The company has convincingly strong assets concentrated in the Marcellus, Permian and Anadarko basins, which should produce a steady volume of oil and natural gas for years with relatively modest capital spending. The new leadership team and board of directors look capable and provides a good balance of former Cabot and former Cimarex executives – although in some mergers of equals like this one there is a risk of creating near-term disruption and longer-term lack of unity. We like the company’s public commitment to shareholders: it will keep net leverage below 1x EBITDAX, pay a newly-increased base dividend, and pay a variable dividend such that a total of 50% of quarterly free cash flow is returned to investors.

One nuance worth watching is that the company has made less of a tangible commitment to limit its capital spending, although it has outlined key self-imposed constraints. This event-driven stock has the potential to produce strong returns to shareholders, especially if commodity prices remain elevated, although the stock has moved up recently.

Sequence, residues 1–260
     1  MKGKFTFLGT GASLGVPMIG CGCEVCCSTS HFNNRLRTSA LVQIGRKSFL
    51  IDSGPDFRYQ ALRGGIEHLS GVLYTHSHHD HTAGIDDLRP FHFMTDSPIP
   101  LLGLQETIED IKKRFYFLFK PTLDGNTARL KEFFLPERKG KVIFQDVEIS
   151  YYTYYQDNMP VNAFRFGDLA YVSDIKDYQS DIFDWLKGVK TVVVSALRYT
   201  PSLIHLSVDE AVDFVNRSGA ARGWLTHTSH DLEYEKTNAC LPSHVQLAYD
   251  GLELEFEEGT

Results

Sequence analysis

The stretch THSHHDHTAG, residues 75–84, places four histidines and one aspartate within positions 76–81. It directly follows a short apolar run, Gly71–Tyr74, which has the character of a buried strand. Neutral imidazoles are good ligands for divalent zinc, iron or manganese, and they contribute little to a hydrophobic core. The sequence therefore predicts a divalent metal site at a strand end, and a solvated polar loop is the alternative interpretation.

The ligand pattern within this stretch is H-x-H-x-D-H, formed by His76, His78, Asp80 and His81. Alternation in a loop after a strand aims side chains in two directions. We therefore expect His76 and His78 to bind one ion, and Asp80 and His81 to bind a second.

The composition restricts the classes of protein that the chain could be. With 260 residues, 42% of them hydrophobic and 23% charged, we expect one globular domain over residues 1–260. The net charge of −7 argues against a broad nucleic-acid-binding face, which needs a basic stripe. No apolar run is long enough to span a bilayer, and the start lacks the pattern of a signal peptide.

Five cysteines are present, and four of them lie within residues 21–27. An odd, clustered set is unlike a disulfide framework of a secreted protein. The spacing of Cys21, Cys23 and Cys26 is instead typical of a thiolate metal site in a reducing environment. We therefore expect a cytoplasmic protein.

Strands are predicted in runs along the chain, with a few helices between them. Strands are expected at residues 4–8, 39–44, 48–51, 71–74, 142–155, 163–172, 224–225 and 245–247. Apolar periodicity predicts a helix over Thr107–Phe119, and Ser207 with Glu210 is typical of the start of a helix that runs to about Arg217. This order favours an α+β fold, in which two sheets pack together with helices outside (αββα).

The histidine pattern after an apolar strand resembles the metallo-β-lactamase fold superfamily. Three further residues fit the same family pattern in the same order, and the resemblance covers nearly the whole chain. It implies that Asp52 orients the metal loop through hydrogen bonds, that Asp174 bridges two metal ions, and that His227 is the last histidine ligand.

One More Event-Driven Success Story

Our approach at the Cabot Turnaround Letter includes event-driven stock turnarounds. We evaluate the prospects of the vast majority of event-driven companies, and apply our many years of specialized experience and rigorous analytical process to vet and select only the most attractive stocks.